One Hopkinton organization is reaching out in “love and support” of another as targeted violence around the globe leaves many shaken.
After an attack on a mosque in New Zealand on March 15 left 50 people dead and dozens more injured, members of the South Asian Circle of Hopkinton (SACH) quickly reached out to their friends and neighbors of the Islamic community to show that they stood in solidarity in honoring the victims of the horrific tragedy.
SACH is a nonprofit organization founded in September of 2018 with a mission to “bring together the collective strength, celebrate the culture and share the vibrant spirit of the South Asian diaspora of Hopkinton.”
“Where we came from in South Asia, there were physical and political barriers and we didn’t have the opportunity to learn more about each other,” outreach chair Charusmitha Ram, a native of India, explained. “Here, we wanted to bring all of the families together to help each other, pull in resources and collective strengths, and give back to the community.”
Seeing that one of the ways to give back to their community was to reach out to neighbors, the SACH started with organizing a prayer ritual for the victims of the New Zealand mosque attack. That idea blossomed into a more tangible way for the community at large to show support for the Islamic community of Hopkinton.
“We decided to present the Islamic community with something symbolic to let them know we were standing with them in support,” Ram said.
After gathering messages of peace from more than 30 residents of Hopkinton from different backgrounds and faiths, the SACH created a Peace Canvas, a large canvas with quotes on patches of varying shades of blue, made to look like a prayer mat.
“We are all one, in our community, in our celebrations and in our sadness. Let us hope that by standing strong together, we will overcome the evil that tries to tear us apart,” reads one message of support on the Peace Canvas.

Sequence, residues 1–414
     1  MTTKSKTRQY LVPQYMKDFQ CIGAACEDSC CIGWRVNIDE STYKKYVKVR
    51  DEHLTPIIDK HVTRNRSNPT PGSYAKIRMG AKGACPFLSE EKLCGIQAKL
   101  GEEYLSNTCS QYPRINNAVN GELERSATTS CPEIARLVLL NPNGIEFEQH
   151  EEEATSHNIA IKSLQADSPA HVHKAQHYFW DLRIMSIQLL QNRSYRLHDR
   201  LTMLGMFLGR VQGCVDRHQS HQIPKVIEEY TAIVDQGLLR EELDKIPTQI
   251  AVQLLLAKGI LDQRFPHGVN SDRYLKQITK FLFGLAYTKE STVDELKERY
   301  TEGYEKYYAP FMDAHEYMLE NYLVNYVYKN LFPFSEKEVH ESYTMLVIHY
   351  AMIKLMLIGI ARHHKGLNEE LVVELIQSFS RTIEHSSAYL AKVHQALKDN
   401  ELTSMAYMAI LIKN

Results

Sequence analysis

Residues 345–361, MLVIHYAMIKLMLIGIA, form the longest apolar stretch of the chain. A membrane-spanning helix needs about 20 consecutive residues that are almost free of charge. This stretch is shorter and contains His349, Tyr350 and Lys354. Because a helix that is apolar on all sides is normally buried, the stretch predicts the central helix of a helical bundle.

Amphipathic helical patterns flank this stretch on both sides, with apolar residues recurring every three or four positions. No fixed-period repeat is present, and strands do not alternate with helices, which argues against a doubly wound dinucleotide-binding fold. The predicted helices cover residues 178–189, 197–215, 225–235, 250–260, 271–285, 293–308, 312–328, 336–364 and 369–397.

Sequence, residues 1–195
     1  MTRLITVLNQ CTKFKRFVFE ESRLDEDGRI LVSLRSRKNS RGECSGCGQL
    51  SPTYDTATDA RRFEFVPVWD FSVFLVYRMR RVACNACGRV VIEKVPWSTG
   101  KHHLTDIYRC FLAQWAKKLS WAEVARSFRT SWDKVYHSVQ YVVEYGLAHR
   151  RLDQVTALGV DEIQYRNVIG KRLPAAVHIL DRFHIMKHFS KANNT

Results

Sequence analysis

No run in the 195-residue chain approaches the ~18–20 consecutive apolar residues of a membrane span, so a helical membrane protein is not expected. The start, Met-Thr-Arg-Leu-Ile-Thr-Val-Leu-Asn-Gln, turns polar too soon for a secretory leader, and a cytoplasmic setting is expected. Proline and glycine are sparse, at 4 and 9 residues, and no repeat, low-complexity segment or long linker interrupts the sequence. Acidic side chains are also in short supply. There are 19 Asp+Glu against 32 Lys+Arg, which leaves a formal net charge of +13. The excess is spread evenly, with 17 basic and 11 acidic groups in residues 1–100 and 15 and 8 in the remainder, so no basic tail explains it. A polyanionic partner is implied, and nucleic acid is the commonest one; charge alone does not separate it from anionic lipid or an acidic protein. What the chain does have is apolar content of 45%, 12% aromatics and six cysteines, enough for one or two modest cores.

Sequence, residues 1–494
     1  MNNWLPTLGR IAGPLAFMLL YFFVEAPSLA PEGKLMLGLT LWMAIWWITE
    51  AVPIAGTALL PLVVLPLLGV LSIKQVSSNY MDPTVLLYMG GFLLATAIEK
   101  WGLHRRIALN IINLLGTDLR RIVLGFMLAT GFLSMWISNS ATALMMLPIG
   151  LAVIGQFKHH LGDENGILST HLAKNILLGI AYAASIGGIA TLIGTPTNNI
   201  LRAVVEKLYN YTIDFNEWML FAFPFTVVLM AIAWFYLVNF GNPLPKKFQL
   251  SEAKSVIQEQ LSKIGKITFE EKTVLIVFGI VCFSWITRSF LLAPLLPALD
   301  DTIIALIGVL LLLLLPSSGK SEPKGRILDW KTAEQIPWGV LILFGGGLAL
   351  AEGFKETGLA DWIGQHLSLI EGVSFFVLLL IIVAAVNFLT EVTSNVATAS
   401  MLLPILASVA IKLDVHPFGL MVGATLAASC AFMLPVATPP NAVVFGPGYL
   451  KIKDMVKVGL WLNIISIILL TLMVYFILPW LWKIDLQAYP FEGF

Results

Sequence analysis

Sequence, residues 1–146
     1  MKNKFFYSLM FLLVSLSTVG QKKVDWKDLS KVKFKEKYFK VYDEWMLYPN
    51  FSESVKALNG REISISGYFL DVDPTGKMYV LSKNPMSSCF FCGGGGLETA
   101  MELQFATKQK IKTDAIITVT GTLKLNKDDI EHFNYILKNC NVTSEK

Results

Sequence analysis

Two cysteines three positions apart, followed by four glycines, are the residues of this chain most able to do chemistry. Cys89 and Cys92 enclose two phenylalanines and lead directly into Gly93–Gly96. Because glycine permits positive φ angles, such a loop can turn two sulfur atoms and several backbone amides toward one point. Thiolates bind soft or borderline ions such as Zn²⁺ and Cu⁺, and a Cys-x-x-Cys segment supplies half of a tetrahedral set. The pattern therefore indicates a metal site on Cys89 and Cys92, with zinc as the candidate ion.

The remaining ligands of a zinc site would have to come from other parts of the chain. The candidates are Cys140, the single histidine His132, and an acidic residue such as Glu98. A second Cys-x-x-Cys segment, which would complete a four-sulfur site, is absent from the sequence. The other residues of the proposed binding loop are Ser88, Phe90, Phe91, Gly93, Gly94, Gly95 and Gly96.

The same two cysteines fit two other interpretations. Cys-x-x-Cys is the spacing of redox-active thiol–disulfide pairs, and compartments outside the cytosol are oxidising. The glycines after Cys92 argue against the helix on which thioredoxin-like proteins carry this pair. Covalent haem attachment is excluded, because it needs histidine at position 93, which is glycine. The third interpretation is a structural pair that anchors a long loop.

“We stand with the Islamic community of Hopkinton. Your presence enriches our towns, and we are so glad to have you as part of our shared community,” reads another.
The Peace Canvas was presented to the members of the Islamic Masumeen Center of New England on Wood Street during a “moving” event that brought people of different cultures and religions together under one roof.
“It was very unexpected that they reached out to us. It really touched us,” said Amman Haidri, outreach director of the Islamic Masumeen Center.
According to Haidri, Islamic Masumeen Center members were very moved that SACH though to give them comfort during a time of sadness, and have hung the Peace Canvas in a prominent location “for people to see we are all connected.”
The Center has been a place of worship in Hopkinton for the past 20 years, in a town that has been very welcoming to people of all cultures and religions, according to Agha Mehdi, the center’s imam.
“This compassionate gesture reiterates the values this country stands for,” he said. “This neighborhood is very accepting and embracing of other faiths.”
As the Muslim community has struggled with prejudice throughout the world due to the actions of extremists, this small expression of compassion has meant a great deal to many in Hopkinton.
“It was a gesture of mutual respect and love,” Mehdi said. “It was heartwarming to see the community reach out with comfort and support.”